[1] 1873 is the year Missionary John Ross began to sell Chinese language Christian books at the Corea Gate. See J. Ross, Mission Methods in Manchuria. London: Fleming H. Revell Co., 1903, p. 17.

[2] BFBS (British and Foreign Bible Society), The Leaves of the Tree: A Popular Illustrated Report of the British and Foreign Bible Society for the Year, 1906-1907. London: Bible House, 1907, p. 70.

[3] S.C.H. Kim and K. Kim, A History of Korean Christianity. New York: Cambridge University Press, 2015, pp. 87-88.

[4] Genesis 28:16, KJV.

[5] K. Barth, The Word of God and the Word of Man. Gloucester, MA: Peter Smith Publisher, Inc., 1978, p. 34.

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The Three Circumstances In Which The Church Is Obligated to Go Underground

John Calvin identified two marks of the true church: “the word of God purely preached and heard, and the pure administration of the sacraments.”[36]

The only legitimate reason to take the church underground, then, is to overcome any hindrance to the word of God being purely preached and heard, and the sacraments purely administered.

  • When the government determines who may preach, what may be preached, or where preaching may take place, the church is obligated to operate underground rather than accommodate the restrictions.
  • When the government or the general public restrain the free hearing of the gospel, the church is obligated to go underground rather than accommodate the restrictions.
  • When the pure administration of the sacraments is impaired, the church is obligated to go underground rather than accommodate the restrictions.

Let us consider an increasingly common example. Suppose a government permits the church “freedom of religion”: they may preach and hear the word and participate in the sacraments, but only inside buildings officially registered with the government. Is the church obligated to go underground?

Yes, the church is obligated to go underground because in such a situation the word and the sacraments are no longer able to be purely preached, heard, or administered almost anywhere in that society. In such a situation the church goes underground not so it can preach and hear and participate in the sacraments only in a small secret cave or in a clearing in the middle of a forest. (This is the stereotype of the underground church.) Instead, it goes underground so the word and the sacraments may not be bound, in faithfulness to the truth of 2 Timothy 2:9. (For the Christian, truth is defined by the scripture, not the government or the general public. The scripture says that the word is not bound, and the church believes this even when the government insists otherwise.) Since the word and sacraments are not bound, then the Lord will lead the church to many places outside the church building where he desires that these means of grace be shared.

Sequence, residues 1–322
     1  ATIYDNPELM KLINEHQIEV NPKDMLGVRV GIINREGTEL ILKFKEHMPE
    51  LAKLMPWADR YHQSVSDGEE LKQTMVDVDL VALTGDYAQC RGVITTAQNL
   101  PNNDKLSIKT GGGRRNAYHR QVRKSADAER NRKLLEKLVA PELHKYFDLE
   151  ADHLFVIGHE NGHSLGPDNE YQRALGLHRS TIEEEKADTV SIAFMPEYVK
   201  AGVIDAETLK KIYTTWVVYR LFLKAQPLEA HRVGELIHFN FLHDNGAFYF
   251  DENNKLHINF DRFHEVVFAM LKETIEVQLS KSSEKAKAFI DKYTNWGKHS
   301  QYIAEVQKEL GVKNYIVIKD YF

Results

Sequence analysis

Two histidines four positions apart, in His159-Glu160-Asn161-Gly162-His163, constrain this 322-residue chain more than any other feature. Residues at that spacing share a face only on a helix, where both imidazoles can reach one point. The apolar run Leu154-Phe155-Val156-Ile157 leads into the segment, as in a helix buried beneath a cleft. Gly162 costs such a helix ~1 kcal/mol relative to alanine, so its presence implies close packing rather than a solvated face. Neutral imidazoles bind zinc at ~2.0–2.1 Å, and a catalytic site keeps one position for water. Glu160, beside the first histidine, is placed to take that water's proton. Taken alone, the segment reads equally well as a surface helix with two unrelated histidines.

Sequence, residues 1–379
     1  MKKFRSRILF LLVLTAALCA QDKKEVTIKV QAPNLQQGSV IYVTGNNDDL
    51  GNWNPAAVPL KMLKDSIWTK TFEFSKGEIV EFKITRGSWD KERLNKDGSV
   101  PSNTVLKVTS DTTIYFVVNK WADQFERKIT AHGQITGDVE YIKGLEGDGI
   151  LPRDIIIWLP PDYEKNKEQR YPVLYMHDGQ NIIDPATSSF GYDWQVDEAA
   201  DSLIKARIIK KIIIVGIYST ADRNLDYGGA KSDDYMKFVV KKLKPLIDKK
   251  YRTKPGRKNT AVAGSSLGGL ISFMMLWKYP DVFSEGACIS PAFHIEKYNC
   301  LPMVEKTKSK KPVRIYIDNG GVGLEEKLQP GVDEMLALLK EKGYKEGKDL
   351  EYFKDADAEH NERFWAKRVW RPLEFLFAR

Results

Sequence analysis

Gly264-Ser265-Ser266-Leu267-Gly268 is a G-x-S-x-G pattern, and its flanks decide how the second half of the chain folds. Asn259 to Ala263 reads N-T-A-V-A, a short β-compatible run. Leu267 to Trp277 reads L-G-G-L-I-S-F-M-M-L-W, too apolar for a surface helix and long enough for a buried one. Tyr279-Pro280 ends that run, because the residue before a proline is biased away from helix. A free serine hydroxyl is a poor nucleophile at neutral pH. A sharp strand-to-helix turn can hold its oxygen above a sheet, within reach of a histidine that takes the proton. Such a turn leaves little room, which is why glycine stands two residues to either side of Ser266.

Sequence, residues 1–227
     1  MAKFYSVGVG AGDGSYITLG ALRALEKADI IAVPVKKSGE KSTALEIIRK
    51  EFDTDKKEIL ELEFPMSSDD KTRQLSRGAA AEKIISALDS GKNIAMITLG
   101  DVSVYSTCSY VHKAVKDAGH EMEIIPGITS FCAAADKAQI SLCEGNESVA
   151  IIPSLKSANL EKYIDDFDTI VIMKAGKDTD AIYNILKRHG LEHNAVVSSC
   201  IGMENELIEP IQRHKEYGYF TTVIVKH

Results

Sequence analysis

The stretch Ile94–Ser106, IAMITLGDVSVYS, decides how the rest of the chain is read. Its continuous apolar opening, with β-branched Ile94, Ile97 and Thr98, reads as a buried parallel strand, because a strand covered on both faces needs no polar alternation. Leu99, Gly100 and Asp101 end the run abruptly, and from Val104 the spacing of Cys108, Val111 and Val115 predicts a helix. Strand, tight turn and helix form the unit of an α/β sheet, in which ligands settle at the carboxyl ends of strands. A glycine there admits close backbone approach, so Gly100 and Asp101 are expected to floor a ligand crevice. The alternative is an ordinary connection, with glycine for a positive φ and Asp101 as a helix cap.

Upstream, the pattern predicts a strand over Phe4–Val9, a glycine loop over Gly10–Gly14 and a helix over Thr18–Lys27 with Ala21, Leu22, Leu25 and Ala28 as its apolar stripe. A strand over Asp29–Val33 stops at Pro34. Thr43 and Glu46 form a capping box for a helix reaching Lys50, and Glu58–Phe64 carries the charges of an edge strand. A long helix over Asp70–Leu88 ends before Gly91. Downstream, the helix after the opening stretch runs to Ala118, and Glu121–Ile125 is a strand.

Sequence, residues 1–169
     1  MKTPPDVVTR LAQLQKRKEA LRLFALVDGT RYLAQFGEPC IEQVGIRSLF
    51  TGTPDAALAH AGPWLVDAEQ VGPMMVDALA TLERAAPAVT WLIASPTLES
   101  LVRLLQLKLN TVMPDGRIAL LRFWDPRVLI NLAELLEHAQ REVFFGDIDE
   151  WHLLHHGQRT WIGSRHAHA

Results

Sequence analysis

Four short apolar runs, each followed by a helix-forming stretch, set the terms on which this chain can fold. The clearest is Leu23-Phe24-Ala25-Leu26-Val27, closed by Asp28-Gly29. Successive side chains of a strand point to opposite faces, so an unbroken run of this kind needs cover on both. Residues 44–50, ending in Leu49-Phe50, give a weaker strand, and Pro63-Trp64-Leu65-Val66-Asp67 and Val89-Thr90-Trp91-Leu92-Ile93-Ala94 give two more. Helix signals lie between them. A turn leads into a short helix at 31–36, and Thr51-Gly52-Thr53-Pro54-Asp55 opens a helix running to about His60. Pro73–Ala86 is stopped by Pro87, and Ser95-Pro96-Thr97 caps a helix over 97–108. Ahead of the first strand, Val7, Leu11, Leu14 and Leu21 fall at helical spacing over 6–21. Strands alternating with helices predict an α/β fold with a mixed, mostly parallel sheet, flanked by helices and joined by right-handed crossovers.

Let us consider another example. Suppose a government enacts laws criminalizing statements against homosexuality in public places or media, including Christian teaching that homosexuality is a sin. The government assures the church it can still do whatever it wants in its own building. Is the church obligated to go underground?

Yes, the church is obligated to go underground because once again there is an attempt to bind the word. The church is the servant of the word and the sacraments; the word and the sacraments are not servants of the church. This means that the church must serve the word wherever the Lord wants the word to be heard. The Lord does not respect the world’s boundaries of where, when, and by whom he may send his word, nor to whom he may send it. He has overcome the world, not simply acquired real estate in it.

The church in the free world, however, is prone to accept restrictions like these from the government, rather than go underground. The church says, “Our congregation is still able to preach and hear the word and administer the sacraments; it is not necessary for us to go underground.” But this attitude makes the church Lord, and the Lord, servant. The church in this case is like the fool in the Lord’s parable who says, “I’ll say to myself, ‘You have plenty of grain laid up for many years’”:

But God said to him, “You fool! This very night your life will be demanded from you. Then who will get what you have prepared for yourself?” This is how it will be with whoever stores up things for themselves but is not rich toward God.[37]

The word and the sacraments are not to be stored up for the church in the church by the church. The church can no more bind the word and the sacraments than the world can. They are not bound. The church is obligated to follow them and serve them wherever the will of the wind pleases to take them.[38]

Action Steps for Church Planters:

  • Are you planting an underground church because you are against something in society or in the existing church? If so, cease immediately and repent; no church may be planted because the planter is “for” something or “against” something else. The church is the servant of the word and the sacraments, not their master.
  • Are you physically and spiritually prepared to die for the enemies of the gospel? If not, you will not be able to keep the main thing the main thing in the underground church. First, prepare to preach, pray, or die anywhere at a moment’s notice, and only then will you be ready to plant the underground church.

Action Steps for Existing Churches:

  • Study when, how, and why existing churches in Germany went underground. Study especially the Confessing Church’s Barmen Declaration[39] and add it to your church’s foundational documents and creeds for memorization and study.